Admission And Financial Aid Realities Part 2

Most families that have students that will be attending college will face completing financial aid forms. Many of these individuals have been told completing the financial aid forms is simple and can be completed in less than an hour. While others have been told the financial aid forms are complicated and difficult to understand. Needless to say this can be very discouraging too many parents and students.

4. Many Colleges Will Give Less Financial Aid To Some Students In Order To Persuade The Students To Not Attend

Many colleges will offer some students a financial aid package that is less than the students financial need, this is called Gapping. Gapping occurs when the college doesn’t have enough funds to meet the student’s full financial need above what they qualify for through the federal and state financial aid system. Therefore, some students will necessarily be left with Unmet Need at some schools.  Gapping or Unmet Need normally occurs when the student is applying to state-supported colleges or universities. In a few rare situations a private college could Gap a student that they are not interested in.

5. High Income Families Are Out Of Luck In Getting Financial Aid

Many middle and high-income families are under the assumption that they could qualify for gift money from the federal and state governments. However, in the majority of the situations this is NOT true. The largest program that provides gift money from the federal government is the Pell Grant rant program. However, in a few unique situations high income earning families could qualify for the Pell Grant. Most families think the Pell Grant is based on the financial need of the family. The Pell Grant has nothing to do with a family’s financial need. Pell Grant money is given out based on the family’s expected contribution, better known as your EFC.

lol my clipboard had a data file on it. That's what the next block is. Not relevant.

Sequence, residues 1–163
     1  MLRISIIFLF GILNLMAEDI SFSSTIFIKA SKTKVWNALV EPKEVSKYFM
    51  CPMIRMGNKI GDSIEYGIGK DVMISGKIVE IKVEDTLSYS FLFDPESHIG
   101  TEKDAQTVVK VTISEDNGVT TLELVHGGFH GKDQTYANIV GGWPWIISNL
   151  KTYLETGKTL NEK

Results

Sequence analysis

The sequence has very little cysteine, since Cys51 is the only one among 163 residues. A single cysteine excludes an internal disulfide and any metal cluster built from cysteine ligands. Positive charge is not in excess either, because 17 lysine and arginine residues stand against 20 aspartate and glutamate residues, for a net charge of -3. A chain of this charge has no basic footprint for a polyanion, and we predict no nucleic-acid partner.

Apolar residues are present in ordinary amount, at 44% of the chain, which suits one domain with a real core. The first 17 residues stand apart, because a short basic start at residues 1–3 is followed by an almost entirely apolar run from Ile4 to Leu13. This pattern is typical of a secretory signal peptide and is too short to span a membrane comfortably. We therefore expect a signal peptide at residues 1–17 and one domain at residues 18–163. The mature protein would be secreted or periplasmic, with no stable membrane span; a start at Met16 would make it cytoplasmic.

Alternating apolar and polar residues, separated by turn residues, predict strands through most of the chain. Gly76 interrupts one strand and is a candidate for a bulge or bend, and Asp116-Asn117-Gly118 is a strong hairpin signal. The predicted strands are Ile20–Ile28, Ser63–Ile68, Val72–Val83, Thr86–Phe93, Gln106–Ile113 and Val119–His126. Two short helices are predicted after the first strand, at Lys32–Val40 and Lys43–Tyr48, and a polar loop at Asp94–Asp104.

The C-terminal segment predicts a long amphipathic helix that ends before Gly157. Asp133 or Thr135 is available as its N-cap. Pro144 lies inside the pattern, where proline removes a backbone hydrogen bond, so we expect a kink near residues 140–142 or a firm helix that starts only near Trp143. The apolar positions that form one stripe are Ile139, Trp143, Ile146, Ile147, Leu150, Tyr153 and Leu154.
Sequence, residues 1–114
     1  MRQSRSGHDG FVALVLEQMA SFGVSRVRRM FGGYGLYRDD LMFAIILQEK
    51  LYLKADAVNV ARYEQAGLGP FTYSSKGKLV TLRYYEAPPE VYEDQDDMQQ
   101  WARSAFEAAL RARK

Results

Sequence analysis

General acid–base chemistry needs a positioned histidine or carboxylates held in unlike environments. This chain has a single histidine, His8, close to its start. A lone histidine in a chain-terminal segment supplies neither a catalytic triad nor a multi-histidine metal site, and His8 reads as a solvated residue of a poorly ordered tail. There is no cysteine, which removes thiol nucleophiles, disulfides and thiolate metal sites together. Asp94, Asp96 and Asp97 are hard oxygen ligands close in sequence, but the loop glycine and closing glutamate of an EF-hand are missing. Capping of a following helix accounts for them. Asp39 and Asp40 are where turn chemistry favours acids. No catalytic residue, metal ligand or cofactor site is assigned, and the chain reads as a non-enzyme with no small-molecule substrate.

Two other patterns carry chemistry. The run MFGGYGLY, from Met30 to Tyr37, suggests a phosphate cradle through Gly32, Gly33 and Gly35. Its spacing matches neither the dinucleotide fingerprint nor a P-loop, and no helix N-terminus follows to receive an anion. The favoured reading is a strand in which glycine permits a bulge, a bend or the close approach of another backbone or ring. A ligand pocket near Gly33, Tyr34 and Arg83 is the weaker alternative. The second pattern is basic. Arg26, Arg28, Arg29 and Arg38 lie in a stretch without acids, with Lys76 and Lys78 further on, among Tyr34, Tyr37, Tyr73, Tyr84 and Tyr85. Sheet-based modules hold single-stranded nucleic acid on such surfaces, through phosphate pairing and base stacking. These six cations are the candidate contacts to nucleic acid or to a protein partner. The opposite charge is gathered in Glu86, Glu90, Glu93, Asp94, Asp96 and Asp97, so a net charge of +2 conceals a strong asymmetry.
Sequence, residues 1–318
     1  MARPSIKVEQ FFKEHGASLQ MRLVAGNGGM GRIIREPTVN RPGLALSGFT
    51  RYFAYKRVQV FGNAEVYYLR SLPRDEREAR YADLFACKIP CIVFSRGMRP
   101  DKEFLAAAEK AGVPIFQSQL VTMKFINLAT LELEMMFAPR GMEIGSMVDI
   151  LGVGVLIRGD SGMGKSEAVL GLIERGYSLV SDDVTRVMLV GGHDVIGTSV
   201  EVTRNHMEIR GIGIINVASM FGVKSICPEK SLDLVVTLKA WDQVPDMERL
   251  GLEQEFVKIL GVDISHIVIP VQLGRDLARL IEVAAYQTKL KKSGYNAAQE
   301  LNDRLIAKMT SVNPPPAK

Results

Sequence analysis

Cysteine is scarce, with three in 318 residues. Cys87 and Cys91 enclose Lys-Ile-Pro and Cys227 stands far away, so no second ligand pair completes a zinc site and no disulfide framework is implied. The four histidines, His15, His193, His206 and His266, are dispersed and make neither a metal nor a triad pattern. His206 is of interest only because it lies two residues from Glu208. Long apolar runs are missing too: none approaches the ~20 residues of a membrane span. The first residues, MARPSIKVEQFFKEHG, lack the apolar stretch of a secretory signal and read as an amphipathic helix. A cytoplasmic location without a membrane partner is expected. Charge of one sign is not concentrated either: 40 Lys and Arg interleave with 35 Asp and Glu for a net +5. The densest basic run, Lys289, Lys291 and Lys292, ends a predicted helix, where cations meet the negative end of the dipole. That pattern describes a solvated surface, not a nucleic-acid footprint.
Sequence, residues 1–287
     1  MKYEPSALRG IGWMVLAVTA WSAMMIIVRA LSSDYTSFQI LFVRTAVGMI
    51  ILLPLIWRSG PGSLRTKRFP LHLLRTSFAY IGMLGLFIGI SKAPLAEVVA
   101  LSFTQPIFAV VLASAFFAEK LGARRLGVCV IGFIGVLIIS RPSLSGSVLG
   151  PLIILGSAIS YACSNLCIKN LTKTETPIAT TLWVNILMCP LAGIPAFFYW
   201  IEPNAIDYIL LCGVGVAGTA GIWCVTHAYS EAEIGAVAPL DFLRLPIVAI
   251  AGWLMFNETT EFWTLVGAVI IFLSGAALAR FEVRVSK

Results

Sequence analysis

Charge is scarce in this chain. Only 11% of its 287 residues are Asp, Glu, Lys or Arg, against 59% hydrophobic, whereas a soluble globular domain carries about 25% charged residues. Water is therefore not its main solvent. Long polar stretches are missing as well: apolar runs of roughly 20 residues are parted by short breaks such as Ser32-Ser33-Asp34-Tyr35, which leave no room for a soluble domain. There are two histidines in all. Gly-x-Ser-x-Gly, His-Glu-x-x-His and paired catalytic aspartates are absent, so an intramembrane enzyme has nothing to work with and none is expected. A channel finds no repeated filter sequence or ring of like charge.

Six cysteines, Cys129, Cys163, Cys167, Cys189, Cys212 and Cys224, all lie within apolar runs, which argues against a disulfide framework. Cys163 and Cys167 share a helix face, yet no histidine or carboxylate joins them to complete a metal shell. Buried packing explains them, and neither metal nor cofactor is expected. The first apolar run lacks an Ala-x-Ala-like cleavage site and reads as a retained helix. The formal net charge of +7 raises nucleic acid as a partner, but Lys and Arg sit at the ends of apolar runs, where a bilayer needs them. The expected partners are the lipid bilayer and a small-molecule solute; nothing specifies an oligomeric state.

The biggest driving factor of calculating your EFC is your adjusted gross income. If you make a substantial amount of money, but have a large amount of business or other losses it could drop your adjusted gross income to a level that would cause your EFC to fall into the guidelines of qualifying for the Pell Grant. We have seen families that made six figured incomes and due to their business or other losses caused their adjusted gross income to be very low, therefore qualifying them for the Pell Grant.

Many middle and high income families could qualify for educational tax credits directly from the Internal Revenue Service. The best known is called the American Opportunity tax credit. The maximum amount of tax credit that could be received is $2500 per year, (over four-years), for families earning up to $180,000 and single parents earning under $90,000. In addition, the Unsubsidized Direct Loan is available to students from families at all income levels.

6. Students Must Pay Back 100% Of All Principal That They Borrow From The Federal Student Loan Program As Well As The Interest That Has Accrued 

According to the College Board, there is approximately $1 trillion in student loan debt that has been amassed over the last several years. In the past, many families were able to pay for a college education with little or no debt at all. However, borrowing for college is now the norm.

In the past, all students had college debt repayment schedules set at a 10 year payback. However, today there are several options in which the student can pay back their student loans.

There are income-driven payback programs which are tied to the borrower’s discretionary income. Under one program, if a student works 10 years for public service their loan could be forgiven after 10 years even though they have a balance remaining.  If the student works in the private sector, they can have their loan balance forgiven after 20 or 25 years.

Many college students that graduate with thousands of dollars in student loan debt are entering the workforce with a chain around their neck. What most parents and students do not understand, borrowing for college is NOT necessary. With a little time and effort most students can graduate from college with zero debt.

If you want to understand and learn how to pay for a college education and graduate with zero debt, call us, 781-828-1114, or send us an email [email protected].